Personal pride does not end with noble blood. It leads people to a fond value of their persons, especially if they have any pretence to shape or beauty. Some are so taken with themselves it would seem that nothing else deserved their attention. Their folly would diminish if they could spare but half the time to think of God, that they spend in washing, perfuming, painting and dressing their bodies. In these things they are precise and very artificial and spare no cost. But what aggravates the evil is that the pride of one might comfortably supply the needs of ten. Gross impiety it is that a nation's pride should be maintained in the face of its poor.Those words are from No Cross, No Crown by the notable early Quaker William Penn. Yes, that William Penn.
One of the key values among the Society of Friends (Quaker) of which I am a member by "convincement" in that I became a Friend by choice is that of Simplicity.
The idea is to let go of things that might distract from paying attention to what is important.
For Friends Simplicity has over the years taken many forms
- in speech
- in dress
- in business practice
- in one's dealing with the legal system
My Monthly Meeting will this Fall be doing an event where we focus and explore one key Quaker value or Testimony, and our Committee on Ministry and Worship, on which I currently serve as a member. chose Simplicity. There will be two people who will give brief (no more than 5 minutes each) expositions of Simplicity in their lives. We have not decided who those people will be, but the other members of the Committee have asked that I consider whether I might have a leading to do so. Thus I have been exploring again the meaning of Simplicity, to Friends in particular, and how it has played out in my life.
The idea of a "testimony" is not only that we speak - testify - as to it, but demonstrate it in how we live.
Quakers became known for plain dress, in part because dress in 17th Century England, where the Friends arose, was well known for dress as a demarcation of social class - not that American society of our own times is that different with the obsession of many for the right designer or latest style, as well as the additional ornamentation we may add.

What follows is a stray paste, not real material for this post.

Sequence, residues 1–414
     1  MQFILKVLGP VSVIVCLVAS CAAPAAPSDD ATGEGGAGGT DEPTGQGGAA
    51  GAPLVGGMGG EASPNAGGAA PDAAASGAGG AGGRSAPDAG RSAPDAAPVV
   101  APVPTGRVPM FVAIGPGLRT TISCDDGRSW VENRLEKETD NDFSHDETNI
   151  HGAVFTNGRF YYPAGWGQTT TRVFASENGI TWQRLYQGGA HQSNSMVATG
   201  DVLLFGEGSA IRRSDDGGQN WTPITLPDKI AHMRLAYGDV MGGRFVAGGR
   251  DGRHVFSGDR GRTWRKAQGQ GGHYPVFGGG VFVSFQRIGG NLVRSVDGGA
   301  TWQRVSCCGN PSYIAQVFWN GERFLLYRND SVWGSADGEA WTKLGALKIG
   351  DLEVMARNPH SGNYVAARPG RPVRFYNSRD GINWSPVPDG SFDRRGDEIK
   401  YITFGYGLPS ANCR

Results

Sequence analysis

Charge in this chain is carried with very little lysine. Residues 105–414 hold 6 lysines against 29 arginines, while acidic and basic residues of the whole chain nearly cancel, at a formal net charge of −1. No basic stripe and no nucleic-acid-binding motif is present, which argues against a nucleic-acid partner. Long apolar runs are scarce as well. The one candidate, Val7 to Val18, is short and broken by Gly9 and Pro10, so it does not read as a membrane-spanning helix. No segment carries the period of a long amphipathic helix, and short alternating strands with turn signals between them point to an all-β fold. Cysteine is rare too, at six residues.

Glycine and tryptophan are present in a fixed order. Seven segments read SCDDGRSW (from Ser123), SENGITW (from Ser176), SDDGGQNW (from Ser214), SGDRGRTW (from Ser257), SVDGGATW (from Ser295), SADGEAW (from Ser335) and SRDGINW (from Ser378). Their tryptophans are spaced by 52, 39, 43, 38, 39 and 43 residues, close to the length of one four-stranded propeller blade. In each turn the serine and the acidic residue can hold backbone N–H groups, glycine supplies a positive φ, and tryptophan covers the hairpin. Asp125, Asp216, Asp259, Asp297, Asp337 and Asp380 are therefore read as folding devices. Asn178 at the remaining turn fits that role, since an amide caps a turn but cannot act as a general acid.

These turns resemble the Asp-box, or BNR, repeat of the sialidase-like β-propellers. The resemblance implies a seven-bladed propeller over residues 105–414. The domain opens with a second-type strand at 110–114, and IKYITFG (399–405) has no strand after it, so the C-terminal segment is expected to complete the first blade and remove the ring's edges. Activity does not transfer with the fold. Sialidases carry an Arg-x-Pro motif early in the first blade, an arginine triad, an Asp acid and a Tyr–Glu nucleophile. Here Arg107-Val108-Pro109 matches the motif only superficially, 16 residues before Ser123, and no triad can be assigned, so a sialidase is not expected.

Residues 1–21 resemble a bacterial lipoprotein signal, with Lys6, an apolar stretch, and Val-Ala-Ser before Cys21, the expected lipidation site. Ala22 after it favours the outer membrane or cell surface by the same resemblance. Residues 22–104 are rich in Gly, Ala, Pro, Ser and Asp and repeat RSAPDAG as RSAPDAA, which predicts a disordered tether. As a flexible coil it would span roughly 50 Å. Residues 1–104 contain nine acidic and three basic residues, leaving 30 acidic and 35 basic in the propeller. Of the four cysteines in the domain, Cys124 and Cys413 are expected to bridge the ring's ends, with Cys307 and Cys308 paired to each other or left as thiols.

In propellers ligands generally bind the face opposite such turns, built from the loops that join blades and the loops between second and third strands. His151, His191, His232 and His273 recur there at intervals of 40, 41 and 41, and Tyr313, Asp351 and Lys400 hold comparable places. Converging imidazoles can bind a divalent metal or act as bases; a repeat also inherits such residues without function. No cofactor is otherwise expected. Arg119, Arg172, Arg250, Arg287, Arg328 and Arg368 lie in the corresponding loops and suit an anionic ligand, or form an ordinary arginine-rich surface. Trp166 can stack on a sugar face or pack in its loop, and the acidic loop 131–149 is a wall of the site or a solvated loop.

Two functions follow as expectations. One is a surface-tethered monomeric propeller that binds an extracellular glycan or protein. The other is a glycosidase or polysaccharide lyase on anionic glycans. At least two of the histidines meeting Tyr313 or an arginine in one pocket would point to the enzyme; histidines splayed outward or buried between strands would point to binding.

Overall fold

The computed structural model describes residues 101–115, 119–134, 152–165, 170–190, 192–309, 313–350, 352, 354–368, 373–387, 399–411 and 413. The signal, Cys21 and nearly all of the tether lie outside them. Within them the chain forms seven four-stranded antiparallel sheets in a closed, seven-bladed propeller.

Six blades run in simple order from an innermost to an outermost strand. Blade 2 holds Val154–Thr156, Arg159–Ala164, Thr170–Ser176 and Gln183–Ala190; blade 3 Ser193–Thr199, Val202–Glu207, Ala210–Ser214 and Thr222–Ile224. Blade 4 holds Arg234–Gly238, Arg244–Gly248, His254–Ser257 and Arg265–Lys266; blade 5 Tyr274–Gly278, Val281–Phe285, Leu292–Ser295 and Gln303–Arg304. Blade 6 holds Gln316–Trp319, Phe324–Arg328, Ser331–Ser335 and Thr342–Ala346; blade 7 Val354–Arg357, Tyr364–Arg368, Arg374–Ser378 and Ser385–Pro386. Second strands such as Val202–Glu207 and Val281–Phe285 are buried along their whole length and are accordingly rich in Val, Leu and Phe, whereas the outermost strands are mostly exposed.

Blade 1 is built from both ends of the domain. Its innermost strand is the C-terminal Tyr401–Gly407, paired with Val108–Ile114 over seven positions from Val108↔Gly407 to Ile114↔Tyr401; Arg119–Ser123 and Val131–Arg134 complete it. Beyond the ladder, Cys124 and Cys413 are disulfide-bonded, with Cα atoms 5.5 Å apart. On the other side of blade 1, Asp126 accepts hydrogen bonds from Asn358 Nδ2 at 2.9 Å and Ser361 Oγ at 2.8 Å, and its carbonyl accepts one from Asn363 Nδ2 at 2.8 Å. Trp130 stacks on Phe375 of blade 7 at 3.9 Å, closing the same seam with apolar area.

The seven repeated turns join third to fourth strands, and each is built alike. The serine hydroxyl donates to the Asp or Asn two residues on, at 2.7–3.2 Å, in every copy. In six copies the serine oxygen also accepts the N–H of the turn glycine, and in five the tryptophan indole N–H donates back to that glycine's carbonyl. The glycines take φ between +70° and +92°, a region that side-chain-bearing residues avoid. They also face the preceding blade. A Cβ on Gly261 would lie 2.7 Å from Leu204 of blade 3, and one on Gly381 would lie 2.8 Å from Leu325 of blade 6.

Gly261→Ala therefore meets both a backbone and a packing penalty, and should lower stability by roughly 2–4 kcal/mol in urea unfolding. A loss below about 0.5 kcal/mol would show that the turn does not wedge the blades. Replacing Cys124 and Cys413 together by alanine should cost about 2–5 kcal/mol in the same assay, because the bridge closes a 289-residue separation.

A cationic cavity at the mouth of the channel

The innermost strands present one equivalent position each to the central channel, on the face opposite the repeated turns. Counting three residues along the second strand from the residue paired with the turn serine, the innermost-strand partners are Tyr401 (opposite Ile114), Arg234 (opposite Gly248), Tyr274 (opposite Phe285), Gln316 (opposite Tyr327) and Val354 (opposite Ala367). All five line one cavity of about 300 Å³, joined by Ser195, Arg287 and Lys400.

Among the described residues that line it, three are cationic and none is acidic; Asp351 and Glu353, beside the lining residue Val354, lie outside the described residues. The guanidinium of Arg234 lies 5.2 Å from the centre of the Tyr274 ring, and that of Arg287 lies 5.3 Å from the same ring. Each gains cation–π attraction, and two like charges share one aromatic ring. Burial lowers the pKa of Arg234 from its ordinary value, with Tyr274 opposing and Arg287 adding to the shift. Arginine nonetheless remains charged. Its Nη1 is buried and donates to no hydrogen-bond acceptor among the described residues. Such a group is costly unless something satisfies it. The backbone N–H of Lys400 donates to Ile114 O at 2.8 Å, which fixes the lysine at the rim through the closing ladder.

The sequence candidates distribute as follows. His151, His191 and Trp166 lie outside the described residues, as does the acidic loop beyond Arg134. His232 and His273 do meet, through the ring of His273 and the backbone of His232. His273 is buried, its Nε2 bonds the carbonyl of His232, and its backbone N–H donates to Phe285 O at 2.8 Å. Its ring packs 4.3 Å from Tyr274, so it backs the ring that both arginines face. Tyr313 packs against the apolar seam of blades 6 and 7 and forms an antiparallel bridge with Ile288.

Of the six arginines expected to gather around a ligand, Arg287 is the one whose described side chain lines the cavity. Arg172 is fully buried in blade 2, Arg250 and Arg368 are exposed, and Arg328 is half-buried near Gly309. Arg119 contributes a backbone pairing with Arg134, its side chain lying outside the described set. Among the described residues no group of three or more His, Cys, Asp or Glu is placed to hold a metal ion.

In speech, one reason Quakers used the 2nd person familiar was to erase the divide of relationship. After all, Thee and Thy and Thou were used only for one's intimates, and for God, with whom one should have the most intimate of relationships.
In business, it was one reason Friends moved to fixed pricing of their merchandise - the process of negotiation could potentially lead one to dishonesty for financial gain, to putting material advantage over the respect for the other person with whom one was dealing, and for one's own spiritual situation.
Refusing to take oaths was to follow the example of Jesus in the Sermon on the Mount, and to assert that true simplicity meant to be honest in all of one's dealings, including those with the legal system: were that the case, no oath or even affirmation should be necessary.
Many of these values are found in other religious traditions. The idea that our spiritual responsiveness depends on being as free as possible from dependence on material possessions is not dissimilar from the Buddhist notion of detachment.
But I think there is more, and as I reflect on this topic, I think not merely about my own life, but also of our nation.
I have often been drawn to the idea of simplicity, even if I have also struggled with my possessiveness towards certain things.
I have been drawn to monastic environments, in both the Eastern and Western churches, where often the monastic has few if any possession in order to free himself up for the life of prayer, even if the form of that prayer may be in service to others in ministry, in teaching. . . .
Buddhist monks often go begging for a meal every day, in part to remind themselves of their interconnectedness with others, that being a monastic does not make them superior to the ordinary folk upon whose generosity they must depend for their very sustenance.
And yet, the fact that one has possessions does not necessarily mean one lacks simplicity, nor does the lack thereof guarantee that one understands it. It is far beyond the idea that some rich men are generous or that some of modest means or less are so focused on getting more that their lives are shaped by that lust for acquisition and possession.
I think I have on a personal level only begun to understand simplicity in the light of the illness of Leaves on the Current. For a while everything in my life stopped, so that I could focus on doing whatever was necessary to assist her.
Please understand - she has never been a complete invalid in this process, and as time has gone and she has regained some strength and flexibility she has become more able to do things on her own.